GateHouse News Service
March 15, 2013
This year marks the 50th anniversary of the landmark U.S. Supreme Court decision Gideon v. Wainwright. In Gideon, the high court unanimously ruled that state courts are required to provide legal counsel for those defendants accused of a crime who cannot afford a lawyer.
The decision is recognized as one of the most important of the 20th century. The decision brought into the national lexicon a line known by anyone who has ever watched a television crime drama, “[Y]ou have the right to an attorney if you cannot afford an attorney, one will be appointed for you. …”
Did the Gideon decision alter the legal landscape a half-century ago?
The Sixth Amendment provides, "In all criminal prosecutions, the accused shall enjoy the right . . . to have the assistance of counsel for his defense."
In 1932, the U.S. Supreme Court ruled that the U.S. Constitution required defendants in capital cases be given access to counsel.Ten years later court refused to extend the right to counsel to criminal charges other that capital murder.
Then came Clarence Earl Gideon, a 51-year-old drifter and petty-thief. He was charged with breaking and entering in Florida. The charge was a felony and when Gideon first appeared before the court he was without funds, without counsel and he asked the court to appoint him a lawyer. The judge refused.
Gideon represented himself, was convicted and appealed to the Florida Supreme Court.
His appeal was denied and his case made its way to the U.S. Supreme Court. The U.S. Supreme Court appointed a very capable attorney, Abe Fortas to represent Gideon. Fortas would one day take a seat on the Supreme Court.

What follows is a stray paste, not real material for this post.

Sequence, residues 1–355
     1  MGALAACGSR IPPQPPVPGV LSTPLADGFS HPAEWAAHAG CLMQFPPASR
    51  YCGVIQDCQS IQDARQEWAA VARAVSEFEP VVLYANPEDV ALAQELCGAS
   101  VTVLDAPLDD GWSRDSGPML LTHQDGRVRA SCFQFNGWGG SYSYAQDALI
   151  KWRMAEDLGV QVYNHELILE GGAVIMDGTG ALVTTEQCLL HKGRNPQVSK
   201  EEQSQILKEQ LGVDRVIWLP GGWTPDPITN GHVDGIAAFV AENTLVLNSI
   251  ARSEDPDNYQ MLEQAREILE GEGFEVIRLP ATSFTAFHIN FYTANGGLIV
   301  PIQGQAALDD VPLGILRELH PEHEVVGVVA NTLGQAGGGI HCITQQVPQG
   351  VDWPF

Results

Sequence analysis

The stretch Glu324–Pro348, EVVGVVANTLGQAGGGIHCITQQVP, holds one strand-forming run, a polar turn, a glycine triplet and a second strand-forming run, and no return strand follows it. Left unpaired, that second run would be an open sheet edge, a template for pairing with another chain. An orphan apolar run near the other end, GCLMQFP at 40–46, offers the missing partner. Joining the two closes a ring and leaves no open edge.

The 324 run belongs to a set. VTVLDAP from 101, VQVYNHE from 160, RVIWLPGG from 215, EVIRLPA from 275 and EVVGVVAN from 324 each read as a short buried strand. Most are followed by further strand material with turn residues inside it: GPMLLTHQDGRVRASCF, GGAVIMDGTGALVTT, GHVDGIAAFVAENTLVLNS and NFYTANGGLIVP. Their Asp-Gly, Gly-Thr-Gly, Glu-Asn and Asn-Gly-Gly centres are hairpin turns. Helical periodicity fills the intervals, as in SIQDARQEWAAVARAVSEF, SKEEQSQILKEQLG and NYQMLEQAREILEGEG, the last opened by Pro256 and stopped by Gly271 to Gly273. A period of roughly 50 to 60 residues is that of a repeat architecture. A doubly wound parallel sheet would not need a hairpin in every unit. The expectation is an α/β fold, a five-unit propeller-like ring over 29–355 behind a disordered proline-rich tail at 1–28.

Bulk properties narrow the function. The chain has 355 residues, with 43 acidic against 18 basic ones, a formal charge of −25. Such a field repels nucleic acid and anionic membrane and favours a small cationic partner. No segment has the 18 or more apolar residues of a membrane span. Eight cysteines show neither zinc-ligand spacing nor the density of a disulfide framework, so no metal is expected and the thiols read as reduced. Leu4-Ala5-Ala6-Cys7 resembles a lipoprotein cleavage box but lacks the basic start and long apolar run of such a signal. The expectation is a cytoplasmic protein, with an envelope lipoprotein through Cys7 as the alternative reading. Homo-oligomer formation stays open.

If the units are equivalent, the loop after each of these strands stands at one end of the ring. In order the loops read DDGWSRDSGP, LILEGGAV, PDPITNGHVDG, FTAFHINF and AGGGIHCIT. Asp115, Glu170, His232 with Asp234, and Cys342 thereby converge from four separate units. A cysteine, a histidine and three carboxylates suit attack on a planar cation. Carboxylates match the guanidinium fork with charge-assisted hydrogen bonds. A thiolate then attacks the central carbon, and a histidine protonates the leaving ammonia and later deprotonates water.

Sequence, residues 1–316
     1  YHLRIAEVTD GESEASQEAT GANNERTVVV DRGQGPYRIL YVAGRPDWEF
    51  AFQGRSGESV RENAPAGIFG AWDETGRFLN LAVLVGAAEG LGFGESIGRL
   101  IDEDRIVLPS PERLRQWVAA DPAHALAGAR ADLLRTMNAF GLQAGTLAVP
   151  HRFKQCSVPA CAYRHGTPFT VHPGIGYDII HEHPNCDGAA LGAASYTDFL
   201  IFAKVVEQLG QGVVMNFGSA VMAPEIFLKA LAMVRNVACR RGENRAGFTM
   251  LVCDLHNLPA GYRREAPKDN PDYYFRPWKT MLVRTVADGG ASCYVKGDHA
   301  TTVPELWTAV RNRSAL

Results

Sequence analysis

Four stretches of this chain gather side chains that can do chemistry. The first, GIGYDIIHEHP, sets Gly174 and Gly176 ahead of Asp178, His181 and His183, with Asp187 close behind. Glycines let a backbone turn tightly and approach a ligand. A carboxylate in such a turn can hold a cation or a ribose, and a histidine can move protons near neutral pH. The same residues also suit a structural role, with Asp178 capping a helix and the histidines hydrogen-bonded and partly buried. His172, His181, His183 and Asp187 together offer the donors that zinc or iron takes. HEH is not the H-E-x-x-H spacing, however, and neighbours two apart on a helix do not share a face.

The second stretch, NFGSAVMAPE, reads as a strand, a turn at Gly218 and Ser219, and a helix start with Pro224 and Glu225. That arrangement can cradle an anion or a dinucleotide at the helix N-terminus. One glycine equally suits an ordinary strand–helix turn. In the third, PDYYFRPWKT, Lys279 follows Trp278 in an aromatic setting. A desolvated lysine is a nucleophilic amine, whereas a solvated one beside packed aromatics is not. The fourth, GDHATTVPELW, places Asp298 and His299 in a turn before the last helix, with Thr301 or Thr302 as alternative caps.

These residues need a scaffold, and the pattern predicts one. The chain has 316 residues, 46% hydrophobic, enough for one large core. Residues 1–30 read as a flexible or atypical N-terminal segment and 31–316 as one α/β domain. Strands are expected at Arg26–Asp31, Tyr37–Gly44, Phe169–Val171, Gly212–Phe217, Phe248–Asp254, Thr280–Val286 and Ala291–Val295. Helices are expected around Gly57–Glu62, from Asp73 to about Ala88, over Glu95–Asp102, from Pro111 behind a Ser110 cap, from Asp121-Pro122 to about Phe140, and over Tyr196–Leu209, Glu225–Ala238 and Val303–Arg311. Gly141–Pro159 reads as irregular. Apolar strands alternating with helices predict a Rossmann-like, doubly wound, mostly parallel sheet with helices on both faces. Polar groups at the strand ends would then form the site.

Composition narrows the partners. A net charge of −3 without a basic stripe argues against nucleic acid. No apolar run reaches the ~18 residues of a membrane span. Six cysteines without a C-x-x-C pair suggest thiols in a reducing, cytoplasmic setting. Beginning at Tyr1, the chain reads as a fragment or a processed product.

Fortas told the Court that the federal government already recognized that the Sixth Amendment required the appointment of counsel for indigent defendants facing felony charges.
He also pointed out that 37 states provided for the appointment of counsel by statute, administrative rule or court decision. Eight states provided counsel as a matter of practice. In an unprecedented act of support for the rights of those accused of a crime, twenty-two state attorneys general joined Gideon in urging the Court to establish an absolute constitutional right to counsel in criminal cases.
Only five states—Florida, Alabama, Mississippi, North Carolina and South Carolina—did not provide counsel for indigent defendants.
Justice George Sutherland wrote 30 years before Gideon, “Even the intelligent and educated layman has small and sometimes no skill in the science of law.” Fortas argued in Gideon, “You cannot have a fair trial without counsel."
The concept was not new. More than a century earlier Abraham Lincoln said, “A person who represents himself has a fool for a client.” Fortas also ably pointed out that when Clarence Darrow, one of the greatest trial lawyers in American jurisprudence, was charged with a crime, “he hired a lawyer.”
By modern standards Justice Hugo Black’s opinion in Gideon was not very long, only about 2,500 words. In contrast, the opinion this summer regarding President Obama’s health care plan, including dissenting opinions, was 392 pages.
Fifty years after Gideon the focus has evolved from merely the right to counsel— to the right to effective representation. That representation has turned from insuring a fair trial to insuring effective assistance on matters such as plea bargaining and the collateral consequences of sentencing.
The more important issue today—as states and local municipalities struggle with declining budget revenues—how will public defenders and court appointed counsel react to fewer dollars for indigent defense?
Will Gideon’s promise of fairness and justice be strained as revenue disappears?